It happens every day to over 9 million people: Credit card theft. Once a thief has someone else’s credit card number, that thief can ruin the card holder’s credit score, making it impossible for him to obtain loans or other financial services. The following information will offer some insight about how to protect yourself from credit card theft, and about what to do if it happens.
Delta, PA -- (SBWIRE) -- 11/30/2012 -- Some of the methods credit card thieves use to obtain someone else’s information are “dumpster diving,” in which a thief goes through a person’s trash looking for credit card statements, then uses the number for his own gain and “phishing,” is which a thief poses as a financial institution’s representative and e-mails or otherwise contacts an individual via the computer and asks for credit card information. Here’s another one: A brochure for a low-priced or free trip comes in the mail and asks that a person call a long-distance number to get the information for the trip. The so-called company representative asks for a credit card number, and takes off with it, leaving the poor card holder not only at risk of damaging his credit score, but also without the trip! Here are some tips about how to protect yourself from credit card fraud that will also help stop credit card identity theft.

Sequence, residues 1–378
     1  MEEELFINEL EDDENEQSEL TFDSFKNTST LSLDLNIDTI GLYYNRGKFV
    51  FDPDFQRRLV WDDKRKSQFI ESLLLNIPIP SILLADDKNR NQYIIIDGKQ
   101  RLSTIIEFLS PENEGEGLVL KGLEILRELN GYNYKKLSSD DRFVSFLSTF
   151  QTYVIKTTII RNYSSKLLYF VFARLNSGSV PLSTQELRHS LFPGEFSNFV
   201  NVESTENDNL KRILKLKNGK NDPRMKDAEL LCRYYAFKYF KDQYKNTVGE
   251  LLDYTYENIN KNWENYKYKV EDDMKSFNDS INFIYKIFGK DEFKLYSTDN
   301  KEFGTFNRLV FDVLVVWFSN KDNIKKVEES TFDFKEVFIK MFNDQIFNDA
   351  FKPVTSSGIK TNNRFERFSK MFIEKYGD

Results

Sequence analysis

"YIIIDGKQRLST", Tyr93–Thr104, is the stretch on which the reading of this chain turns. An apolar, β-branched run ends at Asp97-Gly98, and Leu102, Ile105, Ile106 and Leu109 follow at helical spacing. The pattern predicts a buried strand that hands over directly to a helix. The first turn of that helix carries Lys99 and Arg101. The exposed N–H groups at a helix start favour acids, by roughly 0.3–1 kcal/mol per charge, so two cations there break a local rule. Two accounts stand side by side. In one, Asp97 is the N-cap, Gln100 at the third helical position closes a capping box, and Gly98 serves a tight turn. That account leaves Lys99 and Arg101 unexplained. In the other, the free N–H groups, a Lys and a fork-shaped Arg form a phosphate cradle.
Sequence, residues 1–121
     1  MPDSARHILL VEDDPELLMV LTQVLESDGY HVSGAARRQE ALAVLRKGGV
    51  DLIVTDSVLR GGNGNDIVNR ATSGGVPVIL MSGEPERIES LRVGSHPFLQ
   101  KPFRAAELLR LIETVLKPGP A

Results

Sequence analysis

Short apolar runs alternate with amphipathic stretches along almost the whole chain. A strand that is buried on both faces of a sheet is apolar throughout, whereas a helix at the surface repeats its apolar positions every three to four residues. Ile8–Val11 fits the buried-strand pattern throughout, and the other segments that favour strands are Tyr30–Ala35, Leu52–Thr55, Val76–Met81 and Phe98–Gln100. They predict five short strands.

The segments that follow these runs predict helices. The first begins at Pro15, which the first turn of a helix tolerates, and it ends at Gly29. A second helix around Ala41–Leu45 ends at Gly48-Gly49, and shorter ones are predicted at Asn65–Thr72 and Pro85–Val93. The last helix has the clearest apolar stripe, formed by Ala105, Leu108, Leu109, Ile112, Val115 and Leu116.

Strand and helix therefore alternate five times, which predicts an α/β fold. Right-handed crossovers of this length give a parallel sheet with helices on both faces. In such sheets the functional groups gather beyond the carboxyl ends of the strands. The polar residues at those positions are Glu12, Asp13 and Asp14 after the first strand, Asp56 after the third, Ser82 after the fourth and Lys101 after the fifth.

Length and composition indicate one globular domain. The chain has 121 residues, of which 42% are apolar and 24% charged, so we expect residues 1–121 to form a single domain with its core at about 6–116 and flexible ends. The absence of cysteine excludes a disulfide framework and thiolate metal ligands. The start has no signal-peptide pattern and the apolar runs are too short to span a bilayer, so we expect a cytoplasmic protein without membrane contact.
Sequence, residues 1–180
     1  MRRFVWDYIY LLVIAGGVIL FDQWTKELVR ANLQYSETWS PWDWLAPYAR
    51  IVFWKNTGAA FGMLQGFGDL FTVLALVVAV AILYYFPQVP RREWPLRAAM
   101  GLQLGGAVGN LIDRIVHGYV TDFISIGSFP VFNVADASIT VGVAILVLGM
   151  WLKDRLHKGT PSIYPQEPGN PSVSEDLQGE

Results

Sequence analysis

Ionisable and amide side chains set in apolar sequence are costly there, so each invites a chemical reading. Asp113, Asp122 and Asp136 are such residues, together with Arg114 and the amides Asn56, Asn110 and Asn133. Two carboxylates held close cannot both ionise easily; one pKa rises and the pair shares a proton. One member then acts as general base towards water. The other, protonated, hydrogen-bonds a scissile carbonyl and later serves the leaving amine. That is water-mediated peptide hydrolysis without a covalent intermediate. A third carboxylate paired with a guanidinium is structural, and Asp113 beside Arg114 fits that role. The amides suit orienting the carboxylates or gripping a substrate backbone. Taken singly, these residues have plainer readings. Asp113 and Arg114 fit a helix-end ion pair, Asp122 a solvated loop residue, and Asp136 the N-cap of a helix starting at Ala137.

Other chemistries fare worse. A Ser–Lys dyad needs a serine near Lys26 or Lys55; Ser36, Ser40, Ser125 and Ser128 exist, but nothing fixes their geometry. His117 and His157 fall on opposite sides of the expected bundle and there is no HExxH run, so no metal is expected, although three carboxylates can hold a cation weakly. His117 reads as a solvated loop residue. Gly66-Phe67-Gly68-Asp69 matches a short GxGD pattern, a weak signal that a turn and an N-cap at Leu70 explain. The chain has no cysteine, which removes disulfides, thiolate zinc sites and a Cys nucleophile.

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Do sign a new credit card as soon as it is received. Carry credit cards in a separate pouch from one’s wallet. If the wallet gets stolen, at least one’s credit cards are safe. Keep a close watch on one’s credit card during a sale and put it away as quickly as possible. Make sure to cover the number so “shoulder surfers,” those persons who stand behind and look over one’s shoulder for credit information, cannot steal the credit card information. Look over monthly statements and reconcile them with receipts.
More ideas on how to protect yourself from credit card theft or fraud are to carry a purse across the body if one is carrying credit cards inside of it, and put a wallet in one’s front trouser pocket, rather than the commonly used rear pocket to make it harder for a thief to grab and run with it. Do not loan a credit card to anyone, and don’t write the card’ account number on a scrap of paper. Be sure to verify a company’s reputation by checking it out with the Better Business Bureau or local consumer protection agency before giving credit card information out over the phone.
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